A lot or a little?
The parents' guide to what's in this movie.
What parents need to know
Parents need to know that while this indie coming-of-age drama about an obese 15-year-old boy is sometimes disturbing, it's ultimately thought provoking and good-hearted. That said, there's plenty of strong stuff here, particularly a scene in which a teen boy sexually touches a teen girl under a desk in class after bullying her into the situation. No details are shown, but the act is unmistakable. There's also a scene in which three teens take prescription pills and drink whiskey. Language is infrequent but strong, with uses of "f--k," "s--t," "c--k," "t-ts," and "p---y." And animal lovers should beware: There are several dead mice on view, plus a shot of a bird eating one of them. For older teens who can handle this intense content, the movie offers a worthwhile message: The main character manages to find friends on his own terms, without having to force himself to fit in -- a powerful example for teens who don't feel part of the mainstream themselves.
- Parents say
- Kids say
What's the story?
Overweight teen Terri (Jacob Wysocki of TV's Huge) lives alone with his sick uncle (Creed Bratton). Wearing pajamas to school every day, Terri accepts his position as an outcast. But things begin to change when the cheerful principal (John C. Reilly) calls Terri into his office and sets up a weekly "check-in" meeting. After a few hurdles, Terri begins to trust and look up to the principal. During this time, he also meets a fellow outcast, troublemaker Chad (Bridger Zadina). He even manages to befriend pretty Heather (Olivia Crocicchia) after an unfortunate classroom incident brands her a pariah. But will ever-unpredictable Chad throw a monkey wrench into Terri's life?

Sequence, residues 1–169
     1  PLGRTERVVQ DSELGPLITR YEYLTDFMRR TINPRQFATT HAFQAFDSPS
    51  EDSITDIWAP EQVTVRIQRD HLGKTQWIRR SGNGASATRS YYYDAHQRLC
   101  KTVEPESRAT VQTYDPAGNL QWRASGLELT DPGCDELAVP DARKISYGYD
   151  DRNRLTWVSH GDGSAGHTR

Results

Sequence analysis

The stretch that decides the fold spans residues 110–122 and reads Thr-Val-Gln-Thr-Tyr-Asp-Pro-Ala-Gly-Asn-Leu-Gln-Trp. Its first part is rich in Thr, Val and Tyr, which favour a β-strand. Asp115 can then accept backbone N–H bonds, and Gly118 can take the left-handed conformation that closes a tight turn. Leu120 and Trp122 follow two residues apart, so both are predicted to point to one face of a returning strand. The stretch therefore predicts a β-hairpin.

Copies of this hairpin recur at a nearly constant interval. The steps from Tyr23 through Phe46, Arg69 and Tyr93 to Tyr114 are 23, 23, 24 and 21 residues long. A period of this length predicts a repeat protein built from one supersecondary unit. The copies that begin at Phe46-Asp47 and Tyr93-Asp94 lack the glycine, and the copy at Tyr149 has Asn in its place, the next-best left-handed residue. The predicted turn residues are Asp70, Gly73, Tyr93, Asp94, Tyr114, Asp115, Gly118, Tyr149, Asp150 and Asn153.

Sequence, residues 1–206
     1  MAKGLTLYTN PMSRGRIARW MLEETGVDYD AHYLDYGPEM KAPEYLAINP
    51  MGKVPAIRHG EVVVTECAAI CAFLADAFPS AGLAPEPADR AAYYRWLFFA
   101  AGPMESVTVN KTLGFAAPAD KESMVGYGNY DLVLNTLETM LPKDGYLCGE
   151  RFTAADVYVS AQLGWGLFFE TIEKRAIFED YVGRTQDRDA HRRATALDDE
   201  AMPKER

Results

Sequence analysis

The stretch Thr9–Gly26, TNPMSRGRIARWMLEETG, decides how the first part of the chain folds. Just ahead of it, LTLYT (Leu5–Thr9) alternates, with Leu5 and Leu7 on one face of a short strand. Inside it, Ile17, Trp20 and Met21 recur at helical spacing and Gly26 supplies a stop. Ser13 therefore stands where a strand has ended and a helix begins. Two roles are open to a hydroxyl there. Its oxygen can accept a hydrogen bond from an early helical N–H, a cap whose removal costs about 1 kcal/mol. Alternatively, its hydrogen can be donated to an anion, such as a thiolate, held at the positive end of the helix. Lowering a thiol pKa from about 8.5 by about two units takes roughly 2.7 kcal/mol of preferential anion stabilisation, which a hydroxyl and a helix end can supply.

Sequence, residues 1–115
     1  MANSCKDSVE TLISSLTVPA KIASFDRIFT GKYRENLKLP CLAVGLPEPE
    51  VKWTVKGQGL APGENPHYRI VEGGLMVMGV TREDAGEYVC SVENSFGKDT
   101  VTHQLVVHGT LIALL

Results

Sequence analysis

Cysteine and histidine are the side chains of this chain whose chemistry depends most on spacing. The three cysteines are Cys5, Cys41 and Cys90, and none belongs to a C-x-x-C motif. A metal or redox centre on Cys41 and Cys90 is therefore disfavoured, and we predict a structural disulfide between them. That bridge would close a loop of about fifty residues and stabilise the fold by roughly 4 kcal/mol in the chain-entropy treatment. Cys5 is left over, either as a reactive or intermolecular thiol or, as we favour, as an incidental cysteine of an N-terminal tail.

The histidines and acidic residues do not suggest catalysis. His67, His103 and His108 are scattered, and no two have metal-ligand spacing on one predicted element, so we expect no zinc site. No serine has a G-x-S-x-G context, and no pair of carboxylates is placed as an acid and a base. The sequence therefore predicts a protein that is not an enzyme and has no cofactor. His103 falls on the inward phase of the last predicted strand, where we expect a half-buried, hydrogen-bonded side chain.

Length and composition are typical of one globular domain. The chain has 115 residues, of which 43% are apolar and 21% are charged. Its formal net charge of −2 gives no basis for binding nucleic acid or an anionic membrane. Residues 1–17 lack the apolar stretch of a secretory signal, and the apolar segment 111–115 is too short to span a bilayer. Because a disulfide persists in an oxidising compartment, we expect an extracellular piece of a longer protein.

Is it any good?
A great deal rides on Wysocki's intuitive performance; he has a remarkable combination of strength, gentleness, and honesty that belies his sad-sack appearance. When one girl flirts with him and calls him a teddy bear, we can believe it. Likewise, comic character actor Reilly turns in a slightly deeper, more touching version of his usual positive-thinking goofball. This band of strong, fascinating characters overcomes the otherwise awkward combination of script elements.
The son of legendary New York experimental filmmaker Ken Jacobs (Tom, Tom, the Piper's Son), TERRI director Azazel Jacobs arrived on the movie scene in 2008. His first film, Momma's Man, was an exercise in the cinema of discomfort, but at the same time had a traditionally goopy Hollywood wrap-up. Terri treads the same path, but, lo and behold, after a while, these characters begin to show some integrity; they spring to life and find a truthful emotional connection.
Talk to your kids about ...
Families can talk about how the movie handles sex. How are sexual relationships between teens portrayed? What message does the in-class encounter between Heather and the boy send?
How does the movie depict teen drinking? Why does Chad bring alcohol to Terri's house, and why do Terri and Heather decide to drink?
Is the principal a positive role model? Can someone be flawed and still be a good role model?
- In theaters: July 1, 2011
- On DVD or streaming: October 11, 2011
- Cast: Jacob Wysocki, John C. Reilly, Olivia Crocicchia
- Director: Azazel Jacobs
- Studio: ATO Pictures
- Genre: Drama
- Run time: 105 minutes
- MPAA rating: R
- MPAA explanation: sexual content, language and some drug and alcohol use - all involving teens
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Common Sense Media's unbiased ratings are created by expert reviewers and aren't influenced by the product's creators or by any of our funders, affiliates, or partners.